In my workshop, I often use a prompt where I pass out blank index cards and ask my students to--as quickly as possible--write down one of their secrets. The secret can be mundane (I talk in my sleep or I broke a vase and blamed the cat) or intimately shocking (I cheated on my boyfriend with his cousin; I steal money from the cash register at work); it doesn’t matter. It just has to be something that most other people in their lives wouldn’t know. I also suggest they try to disguise their handwriting so that all the secrets look as if they could belong to anyone.
After I collect the cards, I shuffle and redistribute them so that every student holds someone else’s secret. It’s always possible--chance being a trickster spirit--that a student’s own secret returns, trailing him or her like a cat stalking the hapless rabbit, texts from a lover who can’t fully believe things are over, the eternal recurrence of the blood stain on Lady Macbeth’s hand. So this doesn’t derail things, I tell them if you draw your own secret, pretend it’s not yours; follow the next step the same way you would if the secret you have belonged to a classmate. The only rule for the second part of the prompt is that no one is allowed to speculate about origins--who in the room the secret they’re writing about first belonged to. Other than that, they can write whatever they want: a persona poem confessing the secret as their own, a narrative poem describing the situation, a pantoum incorporating the secret as one line in its intricately woven pattern, anything.
Now I’ll confess one of my secrets: I stole the prompt. One of my students was given this exercise in a different class and then mentioned it in passing in my workshop--I’ve used it every semester since. To Christina Castro (the messenger) and Major Jackson (il primo fabbro), a tip of my hat and a resounding thank you.
This assignment is usually a class favorite--perhaps because of its mixture of narcissism and mystery, the way the students’ balance of interest keeps shifting back and forth between who has my secret and how are they writing it and whose secret do I have. I think it also plays into a particularly modern love for simultaneous self-disclosure and concealment--the same impulse that leads to Internet chatrooms where our avatars type out desires and regrets we might never dare admit to our loved ones or therapists; phone apps like Secret that allow you to contribute anonymous confessions to a newsfeed your contact list can idly scroll through as they ride the bus or wait in line to buy groceries; and Postsecret, a website and book series compiled from confessions scrawled on postcards and mailed to the site’s founder who posts a new selection of secrets each Sunday. I’m fascinated by these Internet confessionals where people articulate their deepest most vulnerable truths and yet still remain strangers, both known and unknown at the same time. I fall a little bit in love with almost everyone whose secrets I read because secrets are the gates we walk through as we become intimate with others: in the early stages of attraction, we want to learn everything about the enticing new stranger--to discover the locked box of each of their secrets and open it--and later we love them because we know them, because they have given us their mysteries to hold.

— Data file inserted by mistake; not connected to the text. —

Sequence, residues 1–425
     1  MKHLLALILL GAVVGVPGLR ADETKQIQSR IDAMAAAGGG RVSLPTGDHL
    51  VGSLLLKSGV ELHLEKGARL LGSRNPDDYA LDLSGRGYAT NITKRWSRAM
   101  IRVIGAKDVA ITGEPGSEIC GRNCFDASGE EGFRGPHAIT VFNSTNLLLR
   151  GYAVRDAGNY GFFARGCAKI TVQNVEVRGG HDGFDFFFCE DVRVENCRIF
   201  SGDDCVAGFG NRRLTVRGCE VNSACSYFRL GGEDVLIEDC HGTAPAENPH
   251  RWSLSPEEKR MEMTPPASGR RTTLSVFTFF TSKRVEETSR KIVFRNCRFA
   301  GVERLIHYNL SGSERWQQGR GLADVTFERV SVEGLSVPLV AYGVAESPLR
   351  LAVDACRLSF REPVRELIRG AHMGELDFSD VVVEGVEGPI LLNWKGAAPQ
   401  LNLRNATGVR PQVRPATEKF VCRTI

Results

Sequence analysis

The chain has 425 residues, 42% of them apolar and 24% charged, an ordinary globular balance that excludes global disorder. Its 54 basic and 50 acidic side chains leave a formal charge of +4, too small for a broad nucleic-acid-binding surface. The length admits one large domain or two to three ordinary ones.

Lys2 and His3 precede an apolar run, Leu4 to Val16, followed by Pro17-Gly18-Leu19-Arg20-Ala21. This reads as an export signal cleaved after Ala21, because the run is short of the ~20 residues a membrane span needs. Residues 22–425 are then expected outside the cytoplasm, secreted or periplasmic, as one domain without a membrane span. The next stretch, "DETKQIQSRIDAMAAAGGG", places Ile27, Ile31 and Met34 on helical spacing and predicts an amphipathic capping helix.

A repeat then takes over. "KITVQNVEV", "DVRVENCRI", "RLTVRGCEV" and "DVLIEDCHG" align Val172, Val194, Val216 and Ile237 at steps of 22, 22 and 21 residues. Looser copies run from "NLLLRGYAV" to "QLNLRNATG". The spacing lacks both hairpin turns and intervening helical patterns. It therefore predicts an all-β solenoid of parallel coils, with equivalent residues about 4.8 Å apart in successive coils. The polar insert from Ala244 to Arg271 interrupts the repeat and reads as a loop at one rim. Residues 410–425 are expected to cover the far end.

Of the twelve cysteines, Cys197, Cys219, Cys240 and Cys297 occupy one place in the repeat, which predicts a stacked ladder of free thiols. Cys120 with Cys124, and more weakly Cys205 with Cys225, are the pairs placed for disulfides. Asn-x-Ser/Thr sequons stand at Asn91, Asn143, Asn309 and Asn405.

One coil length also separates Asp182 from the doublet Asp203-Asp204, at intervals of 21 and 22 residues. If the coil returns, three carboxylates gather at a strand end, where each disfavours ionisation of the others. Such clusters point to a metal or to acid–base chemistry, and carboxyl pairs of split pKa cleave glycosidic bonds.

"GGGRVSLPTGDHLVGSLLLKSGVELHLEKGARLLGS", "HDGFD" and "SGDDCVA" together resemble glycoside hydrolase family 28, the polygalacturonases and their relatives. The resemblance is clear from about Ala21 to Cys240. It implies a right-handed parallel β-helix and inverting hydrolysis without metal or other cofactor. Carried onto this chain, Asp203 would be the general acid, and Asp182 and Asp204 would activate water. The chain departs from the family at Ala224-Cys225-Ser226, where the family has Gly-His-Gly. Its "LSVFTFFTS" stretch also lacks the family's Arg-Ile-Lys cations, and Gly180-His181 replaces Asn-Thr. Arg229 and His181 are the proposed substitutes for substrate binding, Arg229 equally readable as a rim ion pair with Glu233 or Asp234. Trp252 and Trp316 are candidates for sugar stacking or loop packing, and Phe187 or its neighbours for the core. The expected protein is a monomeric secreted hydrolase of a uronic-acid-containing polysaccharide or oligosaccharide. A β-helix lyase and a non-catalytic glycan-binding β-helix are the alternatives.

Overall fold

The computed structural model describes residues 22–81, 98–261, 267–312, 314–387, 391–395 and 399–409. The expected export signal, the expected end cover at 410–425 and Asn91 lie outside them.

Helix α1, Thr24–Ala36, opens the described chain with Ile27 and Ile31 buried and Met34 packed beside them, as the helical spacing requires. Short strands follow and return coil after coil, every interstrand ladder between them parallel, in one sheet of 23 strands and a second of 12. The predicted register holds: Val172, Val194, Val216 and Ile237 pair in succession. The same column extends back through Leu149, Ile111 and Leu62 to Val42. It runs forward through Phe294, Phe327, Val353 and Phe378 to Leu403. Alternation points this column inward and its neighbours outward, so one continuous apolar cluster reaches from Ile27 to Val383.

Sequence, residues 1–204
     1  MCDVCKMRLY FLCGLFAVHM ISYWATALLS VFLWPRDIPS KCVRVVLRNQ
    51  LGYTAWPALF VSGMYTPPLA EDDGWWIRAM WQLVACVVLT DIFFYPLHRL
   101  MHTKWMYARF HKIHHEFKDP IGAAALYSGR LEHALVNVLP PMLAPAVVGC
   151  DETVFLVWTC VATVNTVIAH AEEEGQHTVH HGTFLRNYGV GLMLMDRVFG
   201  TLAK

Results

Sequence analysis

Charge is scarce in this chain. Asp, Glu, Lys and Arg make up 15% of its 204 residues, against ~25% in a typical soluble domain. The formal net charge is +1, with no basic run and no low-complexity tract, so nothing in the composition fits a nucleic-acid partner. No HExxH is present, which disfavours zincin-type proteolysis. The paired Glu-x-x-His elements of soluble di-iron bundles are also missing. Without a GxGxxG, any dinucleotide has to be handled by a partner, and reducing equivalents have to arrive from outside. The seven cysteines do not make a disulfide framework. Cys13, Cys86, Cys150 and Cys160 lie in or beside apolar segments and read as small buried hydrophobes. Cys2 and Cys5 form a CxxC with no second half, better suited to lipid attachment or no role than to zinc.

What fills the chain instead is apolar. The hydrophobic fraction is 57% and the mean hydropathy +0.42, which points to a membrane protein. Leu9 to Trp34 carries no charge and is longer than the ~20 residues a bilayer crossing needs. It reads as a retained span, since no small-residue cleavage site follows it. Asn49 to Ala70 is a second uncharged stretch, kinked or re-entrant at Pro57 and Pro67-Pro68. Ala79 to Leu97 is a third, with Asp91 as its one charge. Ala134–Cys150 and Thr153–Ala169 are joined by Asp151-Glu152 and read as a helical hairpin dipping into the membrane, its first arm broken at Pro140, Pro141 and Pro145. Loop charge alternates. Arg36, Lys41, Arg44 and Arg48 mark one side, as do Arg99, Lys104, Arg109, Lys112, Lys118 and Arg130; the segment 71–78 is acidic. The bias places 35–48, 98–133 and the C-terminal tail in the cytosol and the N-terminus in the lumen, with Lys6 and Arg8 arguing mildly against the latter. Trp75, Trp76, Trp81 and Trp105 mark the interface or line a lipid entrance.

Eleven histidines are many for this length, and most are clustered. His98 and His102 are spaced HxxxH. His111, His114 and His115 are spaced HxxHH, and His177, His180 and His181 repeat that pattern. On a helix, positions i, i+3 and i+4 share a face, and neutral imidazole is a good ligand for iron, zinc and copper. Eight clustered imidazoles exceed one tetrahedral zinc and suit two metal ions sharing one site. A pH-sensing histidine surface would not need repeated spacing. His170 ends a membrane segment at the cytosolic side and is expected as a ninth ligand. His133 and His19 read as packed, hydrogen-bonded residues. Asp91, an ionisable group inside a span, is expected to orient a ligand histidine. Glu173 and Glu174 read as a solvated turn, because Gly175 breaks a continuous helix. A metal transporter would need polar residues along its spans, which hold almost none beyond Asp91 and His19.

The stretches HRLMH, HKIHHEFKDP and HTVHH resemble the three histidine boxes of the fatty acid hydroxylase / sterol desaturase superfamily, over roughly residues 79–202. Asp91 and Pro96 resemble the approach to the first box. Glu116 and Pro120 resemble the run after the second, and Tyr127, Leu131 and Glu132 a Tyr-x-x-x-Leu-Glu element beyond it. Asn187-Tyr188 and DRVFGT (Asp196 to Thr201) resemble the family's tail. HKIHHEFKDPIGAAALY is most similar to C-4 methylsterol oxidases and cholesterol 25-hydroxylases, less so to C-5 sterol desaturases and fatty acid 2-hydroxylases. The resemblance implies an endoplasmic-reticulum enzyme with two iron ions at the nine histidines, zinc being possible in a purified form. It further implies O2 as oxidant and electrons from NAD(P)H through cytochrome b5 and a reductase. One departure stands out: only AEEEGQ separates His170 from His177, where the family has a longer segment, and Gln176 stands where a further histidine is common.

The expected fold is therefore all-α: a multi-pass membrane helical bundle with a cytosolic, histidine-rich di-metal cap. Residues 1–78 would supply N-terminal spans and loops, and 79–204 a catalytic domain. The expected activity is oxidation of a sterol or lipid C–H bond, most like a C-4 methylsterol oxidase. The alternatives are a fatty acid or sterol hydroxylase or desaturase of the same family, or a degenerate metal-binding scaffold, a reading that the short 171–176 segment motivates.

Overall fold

I feel compelled to make a sweeping generalization about poetry: I think the best of it requires secrets. Some poems seem to have secrets hidden beneath the words, while others appear eager to reveal them, the “I” shedding personal disclosures as rapidly as new lovers do their clothes. Many of the writers whose work I’m drawn to the most these days give the illusion of doing both--of concealing and revealing simultaneously--as with the famous opening to John Ashbery’s “Self-Portrait in a Convex Mirror”: “...as though to protect / What it advertises.” Here I would also mention Mary Ruefle, Graham Foust, Erin Belieu, Simone Muench, Latasha N. Nevada Diggs, David Dodd Lee, and Anne Carson among others.
Lately, I find I’m a Goldilocks of sorts--wanting poems that neither give away too much (the porridge too hot) nor too little (the porridge too cold). What I need is a tease of meaning, a poem with enough clarity of intent to initially draw my interest--be it through the stained-glass-shard of an image or a compelling voice--and enough mystery and elusiveness to keep me coming back, reading and rereading the work, never entirely sure I can rest in the certainty of perfect and complete understanding.